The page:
Why do these sounds work?  Perhaps they invoke a memory or vision, helping to distract you or draw you away from an out of control emotional situation.  They are often rhythmic and constant, acting as a blanket of relaxation.

Rainfall is used to help a person fall asleep, the sound acting almost as white noise to cover distractions and let the mind wander.  Ocean waves also promote relaxation and serenity.  Running water, like a river or brook is used in meditation, to mask other noise and to evoke a lively spirit.  The natural and soft sounds of bamboo or shell wind chimes also provide the powerful, yet soothing sounds of nature.

Sound for Communication

In this age of email and instant messaging there are rumors that we are losing the art of conversation.  And sound has an enormous role to play in conversation.  The tone and volume of our voices relay emotions and intent.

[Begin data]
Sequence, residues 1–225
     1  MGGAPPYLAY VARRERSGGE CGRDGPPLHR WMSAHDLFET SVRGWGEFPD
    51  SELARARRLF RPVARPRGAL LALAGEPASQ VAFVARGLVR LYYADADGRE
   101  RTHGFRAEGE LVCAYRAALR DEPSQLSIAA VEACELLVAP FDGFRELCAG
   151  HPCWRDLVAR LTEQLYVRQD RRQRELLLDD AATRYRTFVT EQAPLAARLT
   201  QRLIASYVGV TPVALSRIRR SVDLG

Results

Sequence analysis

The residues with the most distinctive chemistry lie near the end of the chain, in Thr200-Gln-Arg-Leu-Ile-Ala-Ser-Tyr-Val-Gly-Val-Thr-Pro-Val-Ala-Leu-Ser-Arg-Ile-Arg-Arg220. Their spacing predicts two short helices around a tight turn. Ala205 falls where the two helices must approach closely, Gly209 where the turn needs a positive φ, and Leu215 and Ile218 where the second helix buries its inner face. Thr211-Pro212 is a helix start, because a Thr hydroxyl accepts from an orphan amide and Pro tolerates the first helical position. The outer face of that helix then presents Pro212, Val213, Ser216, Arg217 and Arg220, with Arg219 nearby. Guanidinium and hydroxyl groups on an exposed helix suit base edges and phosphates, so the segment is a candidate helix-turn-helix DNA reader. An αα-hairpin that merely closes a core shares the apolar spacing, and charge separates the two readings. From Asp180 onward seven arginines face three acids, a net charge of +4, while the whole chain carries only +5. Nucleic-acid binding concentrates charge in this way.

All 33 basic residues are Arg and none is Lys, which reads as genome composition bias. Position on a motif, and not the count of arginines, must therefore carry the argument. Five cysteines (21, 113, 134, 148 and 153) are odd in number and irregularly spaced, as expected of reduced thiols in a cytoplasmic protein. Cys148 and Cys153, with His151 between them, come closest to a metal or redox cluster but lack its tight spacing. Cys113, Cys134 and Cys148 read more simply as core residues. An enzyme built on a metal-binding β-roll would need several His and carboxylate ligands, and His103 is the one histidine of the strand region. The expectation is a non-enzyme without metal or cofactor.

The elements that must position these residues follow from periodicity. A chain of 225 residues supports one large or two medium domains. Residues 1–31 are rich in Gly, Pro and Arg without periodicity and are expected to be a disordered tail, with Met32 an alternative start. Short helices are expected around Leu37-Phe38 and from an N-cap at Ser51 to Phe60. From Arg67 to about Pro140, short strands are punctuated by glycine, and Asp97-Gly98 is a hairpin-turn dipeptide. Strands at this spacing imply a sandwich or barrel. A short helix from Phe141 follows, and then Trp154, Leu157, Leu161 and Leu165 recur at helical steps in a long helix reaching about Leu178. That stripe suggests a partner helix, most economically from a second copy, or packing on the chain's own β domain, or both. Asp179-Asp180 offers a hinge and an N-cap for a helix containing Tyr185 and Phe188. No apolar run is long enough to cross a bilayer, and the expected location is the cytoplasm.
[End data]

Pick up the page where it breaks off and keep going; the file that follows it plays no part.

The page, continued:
Think of a lullaby or storybook read by a parent to their child.  The love and care in the voice is what truly draws the child in.  And in sporting events the almost tribal cheers that resound through the stadium can communicate joy, fury, intimidation and strength.  Treasure the value and power in conversation and verbal communication.

Listen carefully and pay attention to the effect that sounds have on your body, mind and spirit.  With intentional and positive changes we can create healing, joy and a more balanced lifestyle using the psychology and power of sound.

ABOUT THE AUTHOR

Diana Dart was born into the patio design business.  Working in her family contracting business for years, she’s now part owner and loves spending her time helping homeowners create an oasis in their backyards.  She’s also published countless articles about gardening, curb appeal and landscaping online and in various print publications.